Producing a song can be a lot of fun. Layering sounds, adding little bits of guitar in the background, ratcheting up the vocal effects. When you are feeling the groove of a song, it all seems to come together effortlessly….until you near completion of the mix. In those final auditions, you start to wonder if all the elements that made you fall in love with the song are still there.
This happens to me all the time. You want the recording to be as good as it can be and in all that enthusiasm you end up overdoing it.
Production at its best simply frames the song. It provides a backdrop to enhance the emotion the audience should be feeling. But it’s very easy to overdo the production and lose the beauty of the melody or lyrics that you worked so hard to create. Especially when an audience is coming in cold to your record, it’s harder for them to “get it” with all the distraction of a big production around it.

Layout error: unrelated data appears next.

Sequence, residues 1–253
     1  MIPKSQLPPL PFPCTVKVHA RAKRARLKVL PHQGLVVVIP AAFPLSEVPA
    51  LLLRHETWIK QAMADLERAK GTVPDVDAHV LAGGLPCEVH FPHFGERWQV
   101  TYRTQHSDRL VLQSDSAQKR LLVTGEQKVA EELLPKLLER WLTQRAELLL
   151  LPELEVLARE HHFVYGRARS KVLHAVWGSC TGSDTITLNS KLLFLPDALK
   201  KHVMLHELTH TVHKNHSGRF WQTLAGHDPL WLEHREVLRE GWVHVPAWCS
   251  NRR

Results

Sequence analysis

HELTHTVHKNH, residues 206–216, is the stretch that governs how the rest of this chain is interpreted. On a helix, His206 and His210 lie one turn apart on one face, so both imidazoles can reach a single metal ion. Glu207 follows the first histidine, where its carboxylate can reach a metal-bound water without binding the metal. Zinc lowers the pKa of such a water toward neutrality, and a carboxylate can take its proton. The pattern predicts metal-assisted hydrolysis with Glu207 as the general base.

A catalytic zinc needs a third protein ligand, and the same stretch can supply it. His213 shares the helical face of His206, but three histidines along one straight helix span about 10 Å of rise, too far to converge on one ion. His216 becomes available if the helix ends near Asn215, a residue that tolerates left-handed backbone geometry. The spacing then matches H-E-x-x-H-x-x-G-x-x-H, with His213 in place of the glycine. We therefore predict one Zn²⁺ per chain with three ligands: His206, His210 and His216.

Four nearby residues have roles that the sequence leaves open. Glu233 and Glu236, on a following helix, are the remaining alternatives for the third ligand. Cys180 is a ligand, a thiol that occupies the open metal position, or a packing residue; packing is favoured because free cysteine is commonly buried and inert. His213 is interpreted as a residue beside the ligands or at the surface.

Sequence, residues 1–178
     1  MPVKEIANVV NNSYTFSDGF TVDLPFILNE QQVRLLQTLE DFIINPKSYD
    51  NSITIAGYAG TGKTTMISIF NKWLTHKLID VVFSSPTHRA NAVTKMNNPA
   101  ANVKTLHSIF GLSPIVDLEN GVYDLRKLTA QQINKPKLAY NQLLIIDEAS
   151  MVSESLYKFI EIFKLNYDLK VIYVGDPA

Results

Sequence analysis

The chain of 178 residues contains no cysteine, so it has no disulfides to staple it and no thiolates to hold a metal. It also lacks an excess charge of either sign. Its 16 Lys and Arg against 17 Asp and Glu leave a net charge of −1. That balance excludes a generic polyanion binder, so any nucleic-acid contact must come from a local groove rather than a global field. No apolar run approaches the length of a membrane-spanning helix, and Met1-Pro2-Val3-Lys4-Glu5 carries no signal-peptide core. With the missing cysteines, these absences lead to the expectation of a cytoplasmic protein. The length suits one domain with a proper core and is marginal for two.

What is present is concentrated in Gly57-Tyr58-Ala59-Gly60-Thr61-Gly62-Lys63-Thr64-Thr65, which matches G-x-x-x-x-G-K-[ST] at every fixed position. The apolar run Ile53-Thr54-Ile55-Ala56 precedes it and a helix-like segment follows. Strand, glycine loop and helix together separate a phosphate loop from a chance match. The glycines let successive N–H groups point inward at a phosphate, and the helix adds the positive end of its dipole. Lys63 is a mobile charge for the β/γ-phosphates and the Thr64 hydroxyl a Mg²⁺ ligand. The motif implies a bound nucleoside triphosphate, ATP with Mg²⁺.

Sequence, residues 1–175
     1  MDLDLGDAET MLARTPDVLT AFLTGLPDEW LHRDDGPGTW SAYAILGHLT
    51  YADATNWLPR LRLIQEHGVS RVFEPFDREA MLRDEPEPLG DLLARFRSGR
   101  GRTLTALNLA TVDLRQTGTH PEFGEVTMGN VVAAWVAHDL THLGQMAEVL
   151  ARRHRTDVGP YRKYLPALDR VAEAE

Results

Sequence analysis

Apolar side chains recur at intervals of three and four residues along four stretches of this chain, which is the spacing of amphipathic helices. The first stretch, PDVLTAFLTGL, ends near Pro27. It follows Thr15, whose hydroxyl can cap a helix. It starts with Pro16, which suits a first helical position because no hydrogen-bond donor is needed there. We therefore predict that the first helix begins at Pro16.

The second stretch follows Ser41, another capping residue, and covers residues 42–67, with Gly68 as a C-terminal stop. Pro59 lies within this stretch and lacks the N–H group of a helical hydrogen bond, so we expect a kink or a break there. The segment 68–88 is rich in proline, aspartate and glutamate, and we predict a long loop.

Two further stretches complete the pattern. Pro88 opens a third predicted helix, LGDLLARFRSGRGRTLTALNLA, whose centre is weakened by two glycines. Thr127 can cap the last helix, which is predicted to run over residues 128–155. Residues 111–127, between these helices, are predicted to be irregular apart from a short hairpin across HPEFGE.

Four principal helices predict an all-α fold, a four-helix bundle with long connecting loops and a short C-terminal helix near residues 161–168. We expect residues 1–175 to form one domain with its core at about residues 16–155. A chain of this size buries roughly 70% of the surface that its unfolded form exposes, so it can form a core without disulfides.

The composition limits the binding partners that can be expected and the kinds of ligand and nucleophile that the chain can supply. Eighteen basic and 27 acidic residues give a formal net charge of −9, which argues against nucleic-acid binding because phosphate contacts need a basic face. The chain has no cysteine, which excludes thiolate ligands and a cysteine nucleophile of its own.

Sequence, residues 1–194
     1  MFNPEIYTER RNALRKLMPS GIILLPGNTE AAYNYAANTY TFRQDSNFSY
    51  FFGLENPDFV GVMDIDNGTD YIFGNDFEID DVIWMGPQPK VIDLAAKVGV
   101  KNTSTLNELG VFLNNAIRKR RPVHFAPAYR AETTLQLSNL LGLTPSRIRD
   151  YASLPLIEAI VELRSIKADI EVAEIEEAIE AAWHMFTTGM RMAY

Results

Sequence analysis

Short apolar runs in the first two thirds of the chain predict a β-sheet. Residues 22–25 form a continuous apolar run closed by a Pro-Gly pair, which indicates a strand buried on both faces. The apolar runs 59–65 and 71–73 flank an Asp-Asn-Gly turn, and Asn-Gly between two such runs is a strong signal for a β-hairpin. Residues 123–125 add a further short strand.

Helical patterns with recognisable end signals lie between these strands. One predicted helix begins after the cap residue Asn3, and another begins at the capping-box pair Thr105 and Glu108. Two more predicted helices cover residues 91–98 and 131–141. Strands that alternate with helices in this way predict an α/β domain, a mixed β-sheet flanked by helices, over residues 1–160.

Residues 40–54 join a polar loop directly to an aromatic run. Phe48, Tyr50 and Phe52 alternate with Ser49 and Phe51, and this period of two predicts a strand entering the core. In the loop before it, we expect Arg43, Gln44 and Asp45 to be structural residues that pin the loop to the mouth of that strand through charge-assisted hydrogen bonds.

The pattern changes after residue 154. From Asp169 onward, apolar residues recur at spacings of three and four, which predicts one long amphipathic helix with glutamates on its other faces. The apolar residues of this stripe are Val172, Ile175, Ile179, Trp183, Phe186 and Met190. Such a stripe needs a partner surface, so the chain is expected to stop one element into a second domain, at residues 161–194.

To give credit where it’s due, I don’t think this really sunk in for me until I read a songwriter advice column by Holly Knight.
As an example of where a full production might have ‘gone too far’, here is a song I recently produced called “What I Can’t Have (feat. Aaron Davis)”:
When I listen to the song, I get it immediately because I’ve heard the track hundreds of times over. But someone coming in to the track for the first time has all the production to contend with. If you’re a commercial artist and your record is being worked on radio, it’s less of a problem because you’ve got repetition on your side. Someone may not get it the first time but on subsequent listens the song has a much greater chance of sticking.
My thought on this is that people are more likely to get the song if you strip it down to its core elements:
So does it pay to do a full production all the time? I think it’s good to take the production as far as you can take it, but then challenge yourself towards the end by soloing the vocal and adding back elements one by one. The vocal should sound great “a cappella”, and then each element you add should bump up the experience.
As they say, “less is more”.
Unless you are Yngwie Malmsteen.